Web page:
Most people know that the majority of the work I do is with leaders. I work with the leaders of our local church, a national women's movement and in my coaching. I am most passionate about caring for the soul of leaders as they care for the souls of others.
When I blogged on Forgiveness and Grief a few weeks ago, the majority of the responses were from three different groups of people
Leaders dealing with grief and loss
Couples dealing with pregnancy loss
Loved people in our Black Community processing the ongoing racial injustices personally and collectively.
So I will speak into these three spaces over the next few blogs around grief, loss, trauma and forgiveness.
Before I do that I would love to share some generalised steps to forgiveness (of yourself, of others or of God)
The first step is to fully acknowledge and own the fact that you’ve lost something—that you didn’t get something you wanted, and it hurts. In a therapeutic context, that could be painful work. Sometimes its take therapeutic work before somebody’s ready to forgive because they’ve suppressed a bad experience or been in denial about it, and it may take effort to get them to acknowledge the harm or its consequences. Getting to a place of honestly recognising loss can take time and a safe place.
The second step of the grief process is to experience the feelings normally associated with the loss. Because of you have denied the loss, then you may also have not experienced the emotions with that loss. I’ve never met anyone who suffered real loss and didn’t experience a range of emotions—you’re sad, you’re scared, you're confused. But when you forgive, you understand that there are other options besides continued suffering. You’re not letting go of the event. But you can transform the emotional response to it.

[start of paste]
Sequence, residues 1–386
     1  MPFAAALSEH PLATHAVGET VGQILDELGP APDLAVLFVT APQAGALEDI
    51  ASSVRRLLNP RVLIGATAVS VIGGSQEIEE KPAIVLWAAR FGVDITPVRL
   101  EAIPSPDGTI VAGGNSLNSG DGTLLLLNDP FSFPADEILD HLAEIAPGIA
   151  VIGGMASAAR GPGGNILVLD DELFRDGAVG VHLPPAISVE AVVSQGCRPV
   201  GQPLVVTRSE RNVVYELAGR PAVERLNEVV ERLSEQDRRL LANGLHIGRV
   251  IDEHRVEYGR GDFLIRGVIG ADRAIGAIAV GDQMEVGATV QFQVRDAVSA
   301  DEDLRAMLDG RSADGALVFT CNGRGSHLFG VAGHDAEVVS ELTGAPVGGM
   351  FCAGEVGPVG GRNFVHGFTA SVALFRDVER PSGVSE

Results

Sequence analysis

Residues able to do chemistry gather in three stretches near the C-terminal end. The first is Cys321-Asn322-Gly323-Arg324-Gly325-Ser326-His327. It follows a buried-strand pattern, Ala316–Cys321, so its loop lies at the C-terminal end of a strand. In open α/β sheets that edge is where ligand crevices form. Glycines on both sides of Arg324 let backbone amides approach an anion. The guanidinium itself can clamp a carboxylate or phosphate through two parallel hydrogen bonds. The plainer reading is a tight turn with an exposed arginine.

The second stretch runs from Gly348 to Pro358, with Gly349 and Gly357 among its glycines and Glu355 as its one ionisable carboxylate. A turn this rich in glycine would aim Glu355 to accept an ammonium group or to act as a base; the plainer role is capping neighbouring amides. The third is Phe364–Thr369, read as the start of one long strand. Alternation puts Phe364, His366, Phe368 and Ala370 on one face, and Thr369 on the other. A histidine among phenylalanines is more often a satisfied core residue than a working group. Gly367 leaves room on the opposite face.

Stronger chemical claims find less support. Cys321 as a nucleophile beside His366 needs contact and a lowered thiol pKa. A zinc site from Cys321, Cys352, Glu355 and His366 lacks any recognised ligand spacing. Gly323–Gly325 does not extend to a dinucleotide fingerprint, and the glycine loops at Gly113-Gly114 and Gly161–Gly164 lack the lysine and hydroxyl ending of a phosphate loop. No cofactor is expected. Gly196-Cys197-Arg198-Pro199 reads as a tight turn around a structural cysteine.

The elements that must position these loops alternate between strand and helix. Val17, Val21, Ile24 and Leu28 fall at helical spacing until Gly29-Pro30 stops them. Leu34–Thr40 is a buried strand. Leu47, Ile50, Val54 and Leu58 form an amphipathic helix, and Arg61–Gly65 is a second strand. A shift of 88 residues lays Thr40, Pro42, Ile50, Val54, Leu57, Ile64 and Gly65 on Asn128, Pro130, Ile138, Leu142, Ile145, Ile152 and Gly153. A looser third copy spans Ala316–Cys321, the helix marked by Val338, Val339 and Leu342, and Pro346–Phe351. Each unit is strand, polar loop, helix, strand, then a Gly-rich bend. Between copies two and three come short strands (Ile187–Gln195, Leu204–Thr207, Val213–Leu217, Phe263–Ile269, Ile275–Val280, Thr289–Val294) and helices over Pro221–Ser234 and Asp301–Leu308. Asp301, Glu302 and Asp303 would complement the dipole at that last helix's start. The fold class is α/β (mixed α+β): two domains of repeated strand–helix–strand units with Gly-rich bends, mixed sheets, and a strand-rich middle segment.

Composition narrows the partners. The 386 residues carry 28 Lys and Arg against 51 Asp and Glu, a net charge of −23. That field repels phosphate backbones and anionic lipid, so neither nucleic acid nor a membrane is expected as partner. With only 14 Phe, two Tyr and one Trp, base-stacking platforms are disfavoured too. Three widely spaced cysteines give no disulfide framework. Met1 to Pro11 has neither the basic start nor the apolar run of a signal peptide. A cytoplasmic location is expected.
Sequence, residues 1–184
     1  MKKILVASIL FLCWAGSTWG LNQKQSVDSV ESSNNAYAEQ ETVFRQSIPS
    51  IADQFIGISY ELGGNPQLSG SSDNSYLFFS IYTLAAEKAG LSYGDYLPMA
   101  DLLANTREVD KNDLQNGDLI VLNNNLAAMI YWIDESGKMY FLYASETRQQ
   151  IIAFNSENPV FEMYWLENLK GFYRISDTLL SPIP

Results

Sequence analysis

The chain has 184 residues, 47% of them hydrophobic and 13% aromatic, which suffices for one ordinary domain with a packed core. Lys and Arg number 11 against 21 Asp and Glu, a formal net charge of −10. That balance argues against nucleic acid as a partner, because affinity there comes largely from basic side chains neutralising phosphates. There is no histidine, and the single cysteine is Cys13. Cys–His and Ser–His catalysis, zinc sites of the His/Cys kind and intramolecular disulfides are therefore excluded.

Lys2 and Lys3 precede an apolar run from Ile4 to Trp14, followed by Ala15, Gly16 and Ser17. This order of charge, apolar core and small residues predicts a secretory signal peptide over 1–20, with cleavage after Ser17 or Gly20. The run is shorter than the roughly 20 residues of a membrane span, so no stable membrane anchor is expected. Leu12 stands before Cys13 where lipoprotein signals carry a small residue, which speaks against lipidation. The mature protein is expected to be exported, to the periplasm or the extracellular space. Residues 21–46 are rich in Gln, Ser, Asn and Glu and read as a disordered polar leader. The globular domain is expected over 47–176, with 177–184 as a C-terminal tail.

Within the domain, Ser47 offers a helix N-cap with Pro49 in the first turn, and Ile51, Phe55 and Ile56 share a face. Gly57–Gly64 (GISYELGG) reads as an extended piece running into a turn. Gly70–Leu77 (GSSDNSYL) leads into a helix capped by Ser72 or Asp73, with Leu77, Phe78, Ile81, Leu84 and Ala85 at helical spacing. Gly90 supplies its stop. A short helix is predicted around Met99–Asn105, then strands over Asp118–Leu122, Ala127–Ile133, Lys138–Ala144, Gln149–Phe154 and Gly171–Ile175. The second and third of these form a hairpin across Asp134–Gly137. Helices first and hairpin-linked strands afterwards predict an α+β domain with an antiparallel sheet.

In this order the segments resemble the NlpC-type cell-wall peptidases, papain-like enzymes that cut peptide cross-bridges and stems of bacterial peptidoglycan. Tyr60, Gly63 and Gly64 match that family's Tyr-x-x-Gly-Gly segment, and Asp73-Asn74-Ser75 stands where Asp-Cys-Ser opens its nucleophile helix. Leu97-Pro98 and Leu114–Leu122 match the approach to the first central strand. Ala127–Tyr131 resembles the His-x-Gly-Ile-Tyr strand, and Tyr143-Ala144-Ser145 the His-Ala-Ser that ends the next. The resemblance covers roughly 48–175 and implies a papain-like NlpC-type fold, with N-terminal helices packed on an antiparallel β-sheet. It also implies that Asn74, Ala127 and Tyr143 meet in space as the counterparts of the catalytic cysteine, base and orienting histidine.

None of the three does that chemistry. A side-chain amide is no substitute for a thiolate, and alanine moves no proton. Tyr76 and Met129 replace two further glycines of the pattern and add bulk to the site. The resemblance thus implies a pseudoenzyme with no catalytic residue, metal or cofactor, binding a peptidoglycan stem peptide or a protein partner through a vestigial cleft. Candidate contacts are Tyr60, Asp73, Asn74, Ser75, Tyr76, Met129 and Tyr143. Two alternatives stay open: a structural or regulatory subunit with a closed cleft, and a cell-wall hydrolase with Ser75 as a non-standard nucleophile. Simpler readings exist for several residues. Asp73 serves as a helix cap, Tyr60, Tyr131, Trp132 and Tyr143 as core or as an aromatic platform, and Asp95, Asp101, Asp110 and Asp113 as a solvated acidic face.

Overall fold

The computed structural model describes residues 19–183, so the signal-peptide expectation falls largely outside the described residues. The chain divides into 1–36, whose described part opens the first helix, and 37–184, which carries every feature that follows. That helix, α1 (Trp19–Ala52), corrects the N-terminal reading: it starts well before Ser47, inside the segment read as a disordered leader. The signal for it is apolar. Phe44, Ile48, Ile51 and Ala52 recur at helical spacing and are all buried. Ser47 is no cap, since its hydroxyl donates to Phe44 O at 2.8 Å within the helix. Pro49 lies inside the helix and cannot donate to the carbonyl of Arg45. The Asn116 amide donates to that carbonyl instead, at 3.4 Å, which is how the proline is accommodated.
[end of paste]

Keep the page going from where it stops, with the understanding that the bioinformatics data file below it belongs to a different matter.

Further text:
The third and final step is that what you’re grieving can’t be a secret. I try not to let people forgive stuff that they haven’t shared with others because there’s such good research on resilience showing that people who go through harmful experiences and don’t tell anybody have much worse consequences than people who do tell others.
The human connection is central to healing.
That said, the people who tell everybody about their grievance have the second worst outcomes.
The resilience research shows that what you need for a healthy response to difficulty is to share your problem with a few select, caring people over time. You don’t share everything to everyone, and you don’t withhold everything from everyone. For people who don’t have trusted confidants, I have suggested that they go to a therapist or enrol in a Freedom Course or something to make sure they’re not holding any shame.
Shame Resilience is KEY to moving forward.
I am personally seeing these steps be taken by so many people I know right now. I feel like across the earth this practice is happening in many different forms.
When I coach people I teach them something of a practice based on a combination of Sozo Prayer Ministry work and some coaching tools
1. Recognize who and what you need to forgive
2, Release Forgiveness (this is a gift yo give yourself not the other)
3. Renounce the Lies that you have believed (this is part of the shame-off work)
4. Replace the lies with Truth
5. Redefine the Relationships that are needed for you to build resilience into your journey (see next post on boundaries)
To every single coaching client, friend, team member and stranger yet to become a friend, who is on this journey .. keep going.
Do not get taken out with unforgiveness.
Practice these postures again and again.
Seventy times seven if you have to!
This is the best gift for your future.